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GWR Route: Banbury to Wolverhampton

Leamington Shed: gwrls3978

At Leamington the locomotive shed was one hundred and eighty feet long with four roads for stabling twelve engines

At Leamington the locomotive shed was one hundred and eighty feet long with four roads for stabling twelve engines. Providing adequate clearance to avoid accidents was considered an important criteria in the design of locomotive sheds. Great Western Railway locomotives were typically eight feet, eight inches wide over the footplate and eight feet, eleven inches wide over the cylinders. The shed doorways were therefore designed to have a minimum width of thirteen feet, six inches, which gave about two feet, three inches clearance each side (this was considered sufficient for safety). The distance between the centres of the roads was fourteen feet, giving a five foot clearance, and sixteen feet where columns occurred between the pits, giving three foot clearance between locomotive and column. The total shed width was sixty-six feet.

Leamington was a dead end shed, but there were two pairs of hinged double doors at both ends of the shed. The door columns were eight inch by six inch steel joists with girders over (nine inch by three inch channels). The height from rail level to the underside of these girders was sixteen feet and between the girder and top of doors was a frame with lights. The wooden smoke troughs above each road continued through this and terminated in a bonnet. The large doors were three inches thick (one inch boards on two inch framing and was well braced). The doors needed to be shut in cold weather and shoot bolts were provided at the top and bottom of the doors. When open, strong doorstops were necessary to prevent the doors from swinging in the wind and causing damage or accidents. The standard Great Western Railway doorstop was a six by six inch post, five foot, six inches above ground and three feet below, strongly fixed. The doors were secured by either links and pins or a reliable automatic catch.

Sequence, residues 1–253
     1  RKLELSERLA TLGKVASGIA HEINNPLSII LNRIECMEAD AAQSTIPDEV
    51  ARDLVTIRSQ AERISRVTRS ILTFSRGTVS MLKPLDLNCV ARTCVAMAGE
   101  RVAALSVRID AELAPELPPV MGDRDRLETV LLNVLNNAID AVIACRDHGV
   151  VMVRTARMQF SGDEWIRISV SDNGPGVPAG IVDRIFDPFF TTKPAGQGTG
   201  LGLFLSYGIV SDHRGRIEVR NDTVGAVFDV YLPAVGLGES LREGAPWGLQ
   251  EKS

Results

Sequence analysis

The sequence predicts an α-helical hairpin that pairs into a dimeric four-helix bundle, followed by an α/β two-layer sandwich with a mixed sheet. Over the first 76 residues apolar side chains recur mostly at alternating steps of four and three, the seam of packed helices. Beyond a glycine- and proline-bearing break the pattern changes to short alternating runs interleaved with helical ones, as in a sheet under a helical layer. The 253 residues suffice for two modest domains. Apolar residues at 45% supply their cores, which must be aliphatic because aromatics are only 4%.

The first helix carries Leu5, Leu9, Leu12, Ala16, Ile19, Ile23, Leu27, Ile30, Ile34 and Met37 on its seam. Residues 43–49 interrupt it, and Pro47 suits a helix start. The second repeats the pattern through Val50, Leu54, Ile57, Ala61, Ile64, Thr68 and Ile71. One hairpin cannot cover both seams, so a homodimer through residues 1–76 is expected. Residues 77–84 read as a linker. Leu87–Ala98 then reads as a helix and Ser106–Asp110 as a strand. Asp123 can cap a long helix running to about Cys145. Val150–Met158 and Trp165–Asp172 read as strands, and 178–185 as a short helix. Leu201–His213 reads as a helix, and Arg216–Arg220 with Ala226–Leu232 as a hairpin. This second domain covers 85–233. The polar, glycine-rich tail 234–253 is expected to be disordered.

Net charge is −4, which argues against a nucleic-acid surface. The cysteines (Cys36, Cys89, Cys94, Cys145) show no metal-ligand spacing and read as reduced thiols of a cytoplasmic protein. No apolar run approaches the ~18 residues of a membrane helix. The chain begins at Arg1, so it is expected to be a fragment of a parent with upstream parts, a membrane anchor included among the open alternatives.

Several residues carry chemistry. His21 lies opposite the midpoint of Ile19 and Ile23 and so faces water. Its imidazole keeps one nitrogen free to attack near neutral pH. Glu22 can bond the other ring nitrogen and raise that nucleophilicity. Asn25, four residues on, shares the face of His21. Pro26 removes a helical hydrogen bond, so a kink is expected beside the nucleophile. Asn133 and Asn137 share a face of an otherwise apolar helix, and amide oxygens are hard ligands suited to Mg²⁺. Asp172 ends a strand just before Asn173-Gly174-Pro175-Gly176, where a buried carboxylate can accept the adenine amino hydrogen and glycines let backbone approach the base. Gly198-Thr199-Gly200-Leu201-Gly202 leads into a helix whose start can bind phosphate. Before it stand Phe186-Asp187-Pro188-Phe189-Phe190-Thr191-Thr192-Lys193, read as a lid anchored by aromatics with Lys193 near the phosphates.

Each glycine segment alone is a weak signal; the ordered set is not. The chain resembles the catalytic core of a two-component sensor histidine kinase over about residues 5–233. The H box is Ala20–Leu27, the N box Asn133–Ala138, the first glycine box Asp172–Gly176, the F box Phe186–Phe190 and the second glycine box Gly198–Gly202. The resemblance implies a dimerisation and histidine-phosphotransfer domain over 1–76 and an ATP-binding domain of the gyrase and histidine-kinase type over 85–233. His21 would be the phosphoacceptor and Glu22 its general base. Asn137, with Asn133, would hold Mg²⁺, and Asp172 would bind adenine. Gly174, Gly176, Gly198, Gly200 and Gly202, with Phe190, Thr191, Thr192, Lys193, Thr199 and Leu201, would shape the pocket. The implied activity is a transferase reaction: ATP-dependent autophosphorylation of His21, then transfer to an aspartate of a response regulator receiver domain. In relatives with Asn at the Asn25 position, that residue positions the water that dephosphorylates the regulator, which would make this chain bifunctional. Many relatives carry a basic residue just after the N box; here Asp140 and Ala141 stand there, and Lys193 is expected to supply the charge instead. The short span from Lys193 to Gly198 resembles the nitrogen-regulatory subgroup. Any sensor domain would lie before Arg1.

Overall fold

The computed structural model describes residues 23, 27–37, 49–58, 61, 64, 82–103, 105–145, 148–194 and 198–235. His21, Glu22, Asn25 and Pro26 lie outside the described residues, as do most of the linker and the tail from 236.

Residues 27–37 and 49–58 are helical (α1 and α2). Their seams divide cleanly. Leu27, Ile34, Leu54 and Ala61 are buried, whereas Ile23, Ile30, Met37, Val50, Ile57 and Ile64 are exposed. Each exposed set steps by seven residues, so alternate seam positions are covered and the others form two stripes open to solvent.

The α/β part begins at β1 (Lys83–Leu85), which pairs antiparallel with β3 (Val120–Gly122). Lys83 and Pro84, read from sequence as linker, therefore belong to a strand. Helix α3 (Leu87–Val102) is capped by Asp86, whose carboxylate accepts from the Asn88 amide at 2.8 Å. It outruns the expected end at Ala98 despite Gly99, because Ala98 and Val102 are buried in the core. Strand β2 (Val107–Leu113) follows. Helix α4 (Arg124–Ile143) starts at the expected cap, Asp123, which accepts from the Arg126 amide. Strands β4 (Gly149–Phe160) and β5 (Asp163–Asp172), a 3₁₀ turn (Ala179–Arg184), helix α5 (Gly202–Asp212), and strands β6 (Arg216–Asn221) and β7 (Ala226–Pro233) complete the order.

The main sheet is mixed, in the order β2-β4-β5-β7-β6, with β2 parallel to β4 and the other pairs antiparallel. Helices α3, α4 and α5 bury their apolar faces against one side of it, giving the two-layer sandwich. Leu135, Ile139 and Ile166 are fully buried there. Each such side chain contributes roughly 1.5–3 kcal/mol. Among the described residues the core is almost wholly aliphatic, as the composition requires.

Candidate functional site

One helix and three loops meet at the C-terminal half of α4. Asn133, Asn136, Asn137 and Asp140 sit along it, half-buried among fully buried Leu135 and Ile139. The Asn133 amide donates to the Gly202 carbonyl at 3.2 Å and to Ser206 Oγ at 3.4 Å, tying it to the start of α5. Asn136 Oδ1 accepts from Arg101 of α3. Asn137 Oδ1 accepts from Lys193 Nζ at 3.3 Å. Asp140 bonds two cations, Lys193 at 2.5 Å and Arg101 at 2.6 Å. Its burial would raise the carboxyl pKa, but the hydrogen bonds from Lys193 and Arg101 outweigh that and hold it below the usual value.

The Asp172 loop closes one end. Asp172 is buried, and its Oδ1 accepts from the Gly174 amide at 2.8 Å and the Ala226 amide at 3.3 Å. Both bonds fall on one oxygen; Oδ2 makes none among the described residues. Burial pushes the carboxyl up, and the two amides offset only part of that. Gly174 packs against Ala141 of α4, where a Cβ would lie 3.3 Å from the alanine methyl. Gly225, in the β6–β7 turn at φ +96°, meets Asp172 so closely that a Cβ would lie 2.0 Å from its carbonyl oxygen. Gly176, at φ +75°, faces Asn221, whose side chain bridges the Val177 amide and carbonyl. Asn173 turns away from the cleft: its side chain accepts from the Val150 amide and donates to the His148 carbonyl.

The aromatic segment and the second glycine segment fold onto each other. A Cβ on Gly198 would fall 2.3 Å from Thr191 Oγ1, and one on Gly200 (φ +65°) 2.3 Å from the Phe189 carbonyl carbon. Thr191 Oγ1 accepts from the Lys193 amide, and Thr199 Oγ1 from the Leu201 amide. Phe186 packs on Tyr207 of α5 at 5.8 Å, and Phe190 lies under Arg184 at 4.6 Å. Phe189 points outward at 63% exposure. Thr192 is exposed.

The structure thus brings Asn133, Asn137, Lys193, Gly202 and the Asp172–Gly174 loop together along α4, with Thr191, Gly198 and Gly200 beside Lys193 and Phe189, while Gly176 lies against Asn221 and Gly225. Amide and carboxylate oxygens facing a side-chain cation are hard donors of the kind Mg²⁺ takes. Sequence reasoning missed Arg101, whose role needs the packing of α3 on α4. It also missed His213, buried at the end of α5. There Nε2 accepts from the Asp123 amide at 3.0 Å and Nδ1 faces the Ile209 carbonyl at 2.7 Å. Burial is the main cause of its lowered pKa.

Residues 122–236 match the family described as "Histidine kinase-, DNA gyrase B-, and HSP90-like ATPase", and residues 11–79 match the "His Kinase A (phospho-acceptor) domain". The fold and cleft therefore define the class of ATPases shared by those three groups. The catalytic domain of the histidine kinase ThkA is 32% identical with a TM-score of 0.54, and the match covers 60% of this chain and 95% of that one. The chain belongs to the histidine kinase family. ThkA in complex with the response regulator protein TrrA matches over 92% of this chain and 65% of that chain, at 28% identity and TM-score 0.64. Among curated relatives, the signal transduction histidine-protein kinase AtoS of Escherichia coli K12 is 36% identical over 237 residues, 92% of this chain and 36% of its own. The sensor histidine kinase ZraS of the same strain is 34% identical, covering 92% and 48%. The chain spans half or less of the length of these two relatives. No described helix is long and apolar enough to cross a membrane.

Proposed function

Against the north-east side wall of the shed was a lean-to building containing; Foreman office, Clerks office, passageway, Store room, Fitting shop, Enginemen mess room, Cleaners mess room and lavatories. This building was originally one hundred and sixty-six feet long by fourteen foot wide, but was later extended along the full length of the shed.

Robert Ferris